Photo by Owen Sweeney/ Associated Press Invision
What is black and white and misread all over?
Janelle Monáe, the hard-to-peg rising soul star.
When she made her Twin Cities debut in 2010 at the Varsity Theater, it was hard to tell if she was an alien escaped from Parliament-Funkadelic’s Mothership or David Bowie’s android daughter raised on James Brown, Prince and Sun Ra. Whatever she was, she was wildly ambitious, a spellbinding dancer, captivating vocalist and deep-thinking conceptualist who was dramatic, cinematic and futuristic.
Touring to promote her just-released second album, “The Electric Lady,” Monáe was less conceptual and more straightforward Tuesday night at the jam-packed Skyway Theatre in Minneapolis — and just as exciting and dynamic. Maybe more so.
The 27-year-old, Kansas City-bred, Atlanta-based entertainer remains a visionary. Her stage was all decked out in white — including curtains forming three walls — except for black keyboards, black light rigging and a black-and-white bull’s-eye on the kick-drum head. Monáe herself was attired in white with black trim, her musicians in white with black bowties, and her backup singers in black-and-white striped mini-dresses.
The black/white motif is Monáe’s signature, but it’s also symbolic of the mix of races, religions and lifestyles that she speaks to through her lyrics, music and onstage patter. This time, the show wasn’t a far-out sci-fi tale about her being an android. At the Skyway, she was just being one funky, spunky, breathtaking R&B show-woman.
Sporting an exaggerated pompadour, Monáe knows how to make an entrance — in a straitjacket, delivered to center stage on a white two-wheeler. And she knows how to get funky when her limbs are liberated — charging through the hard-funk stomp “Givin’ Em What They Love” (a song from her new album that features Prince) and the percolating, horn-punctuated pop-funk “Dance Apocalyptic,” which included Purple-like slipping, sliding and swimming as Prince watched from the Skyway’s balcony.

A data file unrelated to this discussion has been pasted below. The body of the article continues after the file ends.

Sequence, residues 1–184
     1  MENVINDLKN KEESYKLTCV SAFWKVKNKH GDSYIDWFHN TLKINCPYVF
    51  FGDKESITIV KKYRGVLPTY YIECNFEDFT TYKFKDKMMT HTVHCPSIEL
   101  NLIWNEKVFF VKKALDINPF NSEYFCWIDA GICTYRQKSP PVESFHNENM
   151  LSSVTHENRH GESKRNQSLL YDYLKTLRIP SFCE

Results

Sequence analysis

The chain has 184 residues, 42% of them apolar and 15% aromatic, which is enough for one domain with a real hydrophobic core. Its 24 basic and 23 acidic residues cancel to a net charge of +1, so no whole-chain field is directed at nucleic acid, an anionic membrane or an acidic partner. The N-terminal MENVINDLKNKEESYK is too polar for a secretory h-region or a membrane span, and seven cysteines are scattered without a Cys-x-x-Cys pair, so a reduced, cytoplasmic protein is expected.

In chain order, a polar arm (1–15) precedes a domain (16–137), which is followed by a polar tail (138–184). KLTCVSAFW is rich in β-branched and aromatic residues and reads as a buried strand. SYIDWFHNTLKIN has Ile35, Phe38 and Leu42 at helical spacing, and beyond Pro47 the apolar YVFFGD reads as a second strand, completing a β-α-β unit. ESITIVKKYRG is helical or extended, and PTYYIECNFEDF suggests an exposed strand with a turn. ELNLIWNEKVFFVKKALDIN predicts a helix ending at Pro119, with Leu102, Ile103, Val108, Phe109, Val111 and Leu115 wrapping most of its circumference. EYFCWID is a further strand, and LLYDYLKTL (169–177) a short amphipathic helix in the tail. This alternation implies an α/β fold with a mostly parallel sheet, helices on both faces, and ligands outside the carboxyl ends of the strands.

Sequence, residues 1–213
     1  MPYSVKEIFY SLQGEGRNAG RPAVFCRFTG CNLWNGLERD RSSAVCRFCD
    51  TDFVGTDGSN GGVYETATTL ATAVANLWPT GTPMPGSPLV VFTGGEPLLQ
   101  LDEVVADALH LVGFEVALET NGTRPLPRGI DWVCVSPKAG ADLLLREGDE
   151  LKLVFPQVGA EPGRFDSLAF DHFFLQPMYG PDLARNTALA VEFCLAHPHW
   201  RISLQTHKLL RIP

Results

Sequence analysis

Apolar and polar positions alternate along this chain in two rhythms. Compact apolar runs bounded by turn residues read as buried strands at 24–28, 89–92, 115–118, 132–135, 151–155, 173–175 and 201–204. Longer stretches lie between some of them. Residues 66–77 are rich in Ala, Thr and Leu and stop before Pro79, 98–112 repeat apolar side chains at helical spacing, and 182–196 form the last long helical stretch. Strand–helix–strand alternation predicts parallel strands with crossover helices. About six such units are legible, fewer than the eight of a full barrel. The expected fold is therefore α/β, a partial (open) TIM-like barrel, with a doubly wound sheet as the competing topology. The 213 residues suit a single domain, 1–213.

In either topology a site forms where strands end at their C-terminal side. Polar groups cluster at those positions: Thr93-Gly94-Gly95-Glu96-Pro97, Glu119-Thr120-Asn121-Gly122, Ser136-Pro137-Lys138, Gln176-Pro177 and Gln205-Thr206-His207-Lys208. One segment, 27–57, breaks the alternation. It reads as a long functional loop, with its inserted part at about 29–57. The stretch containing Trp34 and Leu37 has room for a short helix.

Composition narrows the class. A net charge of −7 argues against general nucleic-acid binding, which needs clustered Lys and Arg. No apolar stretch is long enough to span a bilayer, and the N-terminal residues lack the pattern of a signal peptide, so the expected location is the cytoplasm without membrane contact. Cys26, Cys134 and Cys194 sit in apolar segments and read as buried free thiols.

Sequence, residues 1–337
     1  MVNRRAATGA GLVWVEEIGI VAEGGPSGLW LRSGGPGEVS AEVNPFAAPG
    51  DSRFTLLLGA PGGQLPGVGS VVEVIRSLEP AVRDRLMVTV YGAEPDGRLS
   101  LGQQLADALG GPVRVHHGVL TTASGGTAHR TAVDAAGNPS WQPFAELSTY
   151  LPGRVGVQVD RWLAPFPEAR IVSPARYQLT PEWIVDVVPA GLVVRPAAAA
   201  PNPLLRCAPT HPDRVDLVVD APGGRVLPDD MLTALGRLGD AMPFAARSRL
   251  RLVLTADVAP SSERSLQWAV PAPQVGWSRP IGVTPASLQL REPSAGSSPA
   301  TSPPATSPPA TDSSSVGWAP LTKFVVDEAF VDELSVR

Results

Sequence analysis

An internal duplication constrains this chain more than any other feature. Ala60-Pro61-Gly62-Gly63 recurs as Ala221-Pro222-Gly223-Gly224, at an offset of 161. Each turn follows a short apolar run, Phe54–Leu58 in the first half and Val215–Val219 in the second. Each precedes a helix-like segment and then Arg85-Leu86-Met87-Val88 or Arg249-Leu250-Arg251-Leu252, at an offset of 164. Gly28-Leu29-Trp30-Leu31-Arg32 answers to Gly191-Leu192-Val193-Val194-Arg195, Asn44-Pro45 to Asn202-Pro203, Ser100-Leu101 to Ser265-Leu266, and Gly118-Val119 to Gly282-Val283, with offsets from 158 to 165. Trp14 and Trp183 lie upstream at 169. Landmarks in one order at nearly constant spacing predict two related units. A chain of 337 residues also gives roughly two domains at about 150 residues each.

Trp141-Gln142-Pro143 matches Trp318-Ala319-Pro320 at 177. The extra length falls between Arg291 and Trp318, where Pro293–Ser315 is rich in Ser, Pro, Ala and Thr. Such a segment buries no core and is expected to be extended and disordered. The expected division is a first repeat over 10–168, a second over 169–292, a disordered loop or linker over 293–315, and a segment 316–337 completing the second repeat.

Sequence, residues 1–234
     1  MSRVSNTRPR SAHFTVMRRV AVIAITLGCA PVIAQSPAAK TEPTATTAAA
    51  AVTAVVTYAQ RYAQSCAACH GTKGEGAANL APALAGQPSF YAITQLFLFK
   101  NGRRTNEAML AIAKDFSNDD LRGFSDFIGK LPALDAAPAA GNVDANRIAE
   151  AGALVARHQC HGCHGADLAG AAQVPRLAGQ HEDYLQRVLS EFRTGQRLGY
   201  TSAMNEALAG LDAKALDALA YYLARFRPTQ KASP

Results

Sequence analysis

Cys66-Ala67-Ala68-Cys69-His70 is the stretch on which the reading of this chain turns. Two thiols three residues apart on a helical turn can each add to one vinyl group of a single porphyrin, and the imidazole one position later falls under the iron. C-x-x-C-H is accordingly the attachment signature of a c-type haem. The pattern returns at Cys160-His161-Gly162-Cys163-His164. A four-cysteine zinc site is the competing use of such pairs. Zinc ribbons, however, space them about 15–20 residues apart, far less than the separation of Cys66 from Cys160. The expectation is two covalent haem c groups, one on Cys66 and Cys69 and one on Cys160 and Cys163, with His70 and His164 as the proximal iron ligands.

Monáe’s musical palette featured shades of Sly Stone (“Electric Lady”), James Brown (“Tightrope”), Janet Jackson (“What an Experience”), Katy Perry (“PrimeTime”), the B-52’s (“Come Alive”) and OutKast (“Cold War”). With her seven musicians and two singers, she delivered a suitably fierce cover of Prince’s “Let’s Go Crazy” and a spot-on reading of the Jackson 5’s “I Want You Back” because she can make her voice sound like a 10-year-old Michael Jackson. A versatile vocalist, she showed compelling power, though her voice was thin in a Janet Jackson kind of way.
Most of the tunes Tuesday came from “The Electric Lady,” whose other guests include Erykah Badu, Esperanza Spalding and Miguel. But Monáe’s most impactful moments came from her 2010 debut, “The ArchAndroid,” a one-two punch that began with the explosive funk-rock of “Cold War” — her most impassioned vocal, after an introduction about how you deserve compassion no matter your color, religion or whom you love — and then “Tightrope,” executed with all her hot-footing moves.
While the main set of 11 songs in 58 minutes was crisp and tightly choreographed, the encore was four free-wheeling songs that stretched to 45 minutes. Most striking was “Come Alive (The War of the Roses),” which started like new-wave funk with its “Rock Lobster” bass line and eventually evolved into Monáe weaving her spell over the 1,800 fans, getting them to sit on the floor and sing “la-la’s” in call and response — and then she crowd-surfed while blowing kisses, flashing peace signs and sporting a magnetic smile.
If that was one of the best exits in recent memory, Monáe also offered the best conceptual concert souvenir — “a jar of imagination” for $15. Of course, it was empty, waiting for you to fill it.
Here is Monae's set list from Tuesday:
Suite IV Electric Overture/ Givin Em What They Love/ Dance Apocalyptic/ Sincerely, Jane/ Q.U.E.E.N./ Electric Lady/ Victory/ Ghetto Woman/ I Want You Back (Jackson 5)/ Cold War/ Tightrope ENCORE PrimeTime/ Let's Go Crazy (Prince)/ Come Alive (War of the Roses)/ What an Experience